Socioeconomic implications

 

The liver is a vital organ for synthesis and detoxification. A severe and important cause of liver injury is adverse drug reactions (ADRs). It is estimated that ADRs cost as much as drug treatment itself, that it they causes withdrawal of 4% of new chemical entities from the market and is the 4th-5th leading cause of death in the Western world [1,2]. A meta-analysis revealed that serious adverse drug reactions occur among 7% of all hospitalized patients and that 0.3% of all in-patients develop fatal adverse reactions, causing more than 100,000 deaths annually in the US [3]. The costs for ADRs, including on average 2 days of prolonged hospitalization and reduced productivity, has been estimated to 100 billion € in Europe.

Besides being detrimental for society, inappropriate pharmacokinetics, ADRs and safety issues are prime causes for termination of new chemical entities during drug development and ADRs are responsible for the withdrawal of 4% of drugs in post-marketing stages [1,2]. They can arise from unanticipated interactions with co-administered medications, be the consequence of sensitization due to acute or chronic concomitant diseases or be facilitated by genetic factors, such as variations in cytochrome P450 genes and drug transporters, which have been shown to be highly polymorphic [4,5].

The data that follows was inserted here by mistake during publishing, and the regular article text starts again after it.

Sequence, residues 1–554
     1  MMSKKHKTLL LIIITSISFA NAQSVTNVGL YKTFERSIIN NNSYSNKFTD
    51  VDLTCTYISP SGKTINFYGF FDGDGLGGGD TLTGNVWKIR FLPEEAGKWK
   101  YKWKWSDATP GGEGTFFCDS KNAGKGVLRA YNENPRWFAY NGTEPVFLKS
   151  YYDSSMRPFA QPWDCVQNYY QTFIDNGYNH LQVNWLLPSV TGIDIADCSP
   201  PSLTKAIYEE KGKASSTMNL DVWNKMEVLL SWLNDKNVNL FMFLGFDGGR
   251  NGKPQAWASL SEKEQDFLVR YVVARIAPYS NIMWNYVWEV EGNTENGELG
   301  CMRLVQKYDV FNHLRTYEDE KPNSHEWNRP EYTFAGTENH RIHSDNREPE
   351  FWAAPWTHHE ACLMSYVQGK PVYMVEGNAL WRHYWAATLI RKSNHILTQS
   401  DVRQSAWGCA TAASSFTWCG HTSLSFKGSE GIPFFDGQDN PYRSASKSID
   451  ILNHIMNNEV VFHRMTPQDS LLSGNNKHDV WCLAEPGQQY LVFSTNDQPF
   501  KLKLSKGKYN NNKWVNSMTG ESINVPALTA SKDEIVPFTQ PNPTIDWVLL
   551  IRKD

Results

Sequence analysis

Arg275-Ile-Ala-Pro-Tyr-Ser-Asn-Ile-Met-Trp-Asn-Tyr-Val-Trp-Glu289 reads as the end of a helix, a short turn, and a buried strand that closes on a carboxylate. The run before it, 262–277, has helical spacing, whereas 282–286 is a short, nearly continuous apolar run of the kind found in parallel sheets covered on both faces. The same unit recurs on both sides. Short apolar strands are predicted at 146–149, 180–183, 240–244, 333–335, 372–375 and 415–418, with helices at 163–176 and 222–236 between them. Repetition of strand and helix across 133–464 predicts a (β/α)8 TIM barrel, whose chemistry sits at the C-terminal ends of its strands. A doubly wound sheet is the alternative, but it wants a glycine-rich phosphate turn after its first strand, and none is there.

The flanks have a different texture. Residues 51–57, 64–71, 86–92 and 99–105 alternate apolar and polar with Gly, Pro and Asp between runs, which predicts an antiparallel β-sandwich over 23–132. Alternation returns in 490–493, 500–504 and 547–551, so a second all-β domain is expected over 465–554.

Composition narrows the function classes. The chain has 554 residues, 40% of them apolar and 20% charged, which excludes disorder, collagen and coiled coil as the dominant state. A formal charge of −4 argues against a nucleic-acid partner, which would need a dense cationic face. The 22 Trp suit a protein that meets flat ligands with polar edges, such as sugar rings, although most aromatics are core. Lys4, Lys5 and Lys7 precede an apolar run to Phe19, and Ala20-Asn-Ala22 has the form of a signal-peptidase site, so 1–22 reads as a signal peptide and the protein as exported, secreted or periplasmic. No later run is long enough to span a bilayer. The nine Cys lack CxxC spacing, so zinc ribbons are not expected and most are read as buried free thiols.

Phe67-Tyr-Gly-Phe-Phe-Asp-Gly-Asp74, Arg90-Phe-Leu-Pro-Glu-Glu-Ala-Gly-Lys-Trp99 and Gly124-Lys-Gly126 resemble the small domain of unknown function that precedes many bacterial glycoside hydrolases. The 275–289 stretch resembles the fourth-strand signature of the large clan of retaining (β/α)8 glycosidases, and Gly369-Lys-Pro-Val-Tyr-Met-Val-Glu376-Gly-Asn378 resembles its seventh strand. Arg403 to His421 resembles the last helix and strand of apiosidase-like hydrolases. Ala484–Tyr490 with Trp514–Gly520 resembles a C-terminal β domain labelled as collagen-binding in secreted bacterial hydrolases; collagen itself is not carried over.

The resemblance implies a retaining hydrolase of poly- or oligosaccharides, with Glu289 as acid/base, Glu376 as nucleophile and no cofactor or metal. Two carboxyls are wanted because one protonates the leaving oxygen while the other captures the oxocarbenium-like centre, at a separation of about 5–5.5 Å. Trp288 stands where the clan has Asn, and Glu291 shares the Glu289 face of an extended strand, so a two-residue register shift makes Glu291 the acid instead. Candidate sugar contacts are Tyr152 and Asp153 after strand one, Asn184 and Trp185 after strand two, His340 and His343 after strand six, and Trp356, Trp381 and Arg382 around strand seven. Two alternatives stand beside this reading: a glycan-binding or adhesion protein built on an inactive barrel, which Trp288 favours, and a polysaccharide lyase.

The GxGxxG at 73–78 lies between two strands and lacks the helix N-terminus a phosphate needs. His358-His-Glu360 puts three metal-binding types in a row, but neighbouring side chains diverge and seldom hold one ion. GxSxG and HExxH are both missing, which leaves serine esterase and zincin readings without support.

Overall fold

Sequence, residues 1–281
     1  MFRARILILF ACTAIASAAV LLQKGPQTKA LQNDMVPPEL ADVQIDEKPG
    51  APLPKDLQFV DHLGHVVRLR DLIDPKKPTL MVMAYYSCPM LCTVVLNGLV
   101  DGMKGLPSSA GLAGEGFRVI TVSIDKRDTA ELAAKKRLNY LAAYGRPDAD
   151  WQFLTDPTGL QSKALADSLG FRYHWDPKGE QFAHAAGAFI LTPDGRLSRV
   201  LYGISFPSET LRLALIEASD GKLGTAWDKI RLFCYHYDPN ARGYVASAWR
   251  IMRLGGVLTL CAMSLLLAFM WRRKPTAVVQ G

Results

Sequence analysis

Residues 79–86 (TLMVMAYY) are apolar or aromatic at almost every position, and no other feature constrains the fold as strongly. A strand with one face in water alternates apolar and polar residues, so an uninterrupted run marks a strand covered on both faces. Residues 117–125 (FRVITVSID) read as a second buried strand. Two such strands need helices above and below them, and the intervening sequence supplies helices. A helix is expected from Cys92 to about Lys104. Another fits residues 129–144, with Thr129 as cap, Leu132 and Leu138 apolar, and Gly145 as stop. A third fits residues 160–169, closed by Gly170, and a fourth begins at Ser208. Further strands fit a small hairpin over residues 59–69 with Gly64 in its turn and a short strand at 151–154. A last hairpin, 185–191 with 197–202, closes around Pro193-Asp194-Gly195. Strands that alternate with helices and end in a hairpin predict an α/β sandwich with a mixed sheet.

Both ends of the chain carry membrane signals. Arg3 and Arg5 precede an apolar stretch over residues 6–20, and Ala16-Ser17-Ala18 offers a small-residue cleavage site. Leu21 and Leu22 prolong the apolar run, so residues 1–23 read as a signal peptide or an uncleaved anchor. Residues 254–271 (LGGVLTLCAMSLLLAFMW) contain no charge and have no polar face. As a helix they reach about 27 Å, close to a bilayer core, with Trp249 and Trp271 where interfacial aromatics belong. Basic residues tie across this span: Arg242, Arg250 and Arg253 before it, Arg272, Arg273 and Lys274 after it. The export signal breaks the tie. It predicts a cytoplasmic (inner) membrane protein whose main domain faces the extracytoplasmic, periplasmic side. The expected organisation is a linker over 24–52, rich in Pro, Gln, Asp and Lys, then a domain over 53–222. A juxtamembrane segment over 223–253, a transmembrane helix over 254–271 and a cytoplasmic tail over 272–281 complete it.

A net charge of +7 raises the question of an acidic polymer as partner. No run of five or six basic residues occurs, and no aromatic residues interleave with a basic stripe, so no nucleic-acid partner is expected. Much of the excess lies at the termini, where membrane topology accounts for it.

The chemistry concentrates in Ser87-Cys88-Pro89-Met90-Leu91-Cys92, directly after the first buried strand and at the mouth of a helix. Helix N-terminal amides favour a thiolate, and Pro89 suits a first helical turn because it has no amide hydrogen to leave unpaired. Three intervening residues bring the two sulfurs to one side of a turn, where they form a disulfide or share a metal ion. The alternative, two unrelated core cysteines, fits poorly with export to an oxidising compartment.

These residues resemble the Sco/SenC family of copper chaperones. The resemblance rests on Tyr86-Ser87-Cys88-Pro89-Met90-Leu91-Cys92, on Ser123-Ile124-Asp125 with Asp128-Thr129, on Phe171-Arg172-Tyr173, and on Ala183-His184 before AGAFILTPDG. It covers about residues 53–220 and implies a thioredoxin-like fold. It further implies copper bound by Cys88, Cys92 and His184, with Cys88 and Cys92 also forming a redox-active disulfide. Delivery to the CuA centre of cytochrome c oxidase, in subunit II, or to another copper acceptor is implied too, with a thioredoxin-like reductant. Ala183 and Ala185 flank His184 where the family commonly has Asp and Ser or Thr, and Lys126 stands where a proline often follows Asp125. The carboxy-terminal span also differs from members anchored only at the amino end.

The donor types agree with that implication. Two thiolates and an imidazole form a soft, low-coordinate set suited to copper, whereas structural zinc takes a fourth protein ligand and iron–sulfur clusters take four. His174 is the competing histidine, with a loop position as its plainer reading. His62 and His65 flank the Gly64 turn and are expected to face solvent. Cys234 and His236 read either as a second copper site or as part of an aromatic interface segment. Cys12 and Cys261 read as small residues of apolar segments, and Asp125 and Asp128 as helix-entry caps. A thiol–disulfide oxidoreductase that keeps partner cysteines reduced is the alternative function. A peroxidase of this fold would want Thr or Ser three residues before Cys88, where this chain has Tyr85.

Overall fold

Failure of compounds in clinical trials is a major cost factor for the pharmaceutical industry. The average cost per clinical trial of a new chemical or biological entity is conservatively estimated at 30-40 million US$. Yet, as the overall success rate of novel drugs to pass clinical trials (phase I-III) is only 1.3% [6], this results in tremendous costs for the pharmaceutical industry. Drug safety is the main reason for the termination of drug development programs in clinical stages and the liver is amongst the organ systems most relevant for safety failures [7]. Importantly, a review of the developmental pipeline of a major pharmaceutical company revealed that the quality of pre-clinical safety assessments can strongly reduce the risk of safety failures in developmental stages.

 

References:

1. Eichelbaum et al., Annu Rev Med, 2006

2. Ingelman-Sundberg, N Eng J Med, 2008

3. Lazarou, et al., JAMA, 1998

4. Fujikura et al., Pharmacogenet Genomics, 2015

5. Kozyra et al., Genet Med, 2016

6. Waring et al., Nat Rev Drug Discov, 2015

7. Cook et al., Nat Rev Drug Discov, 2014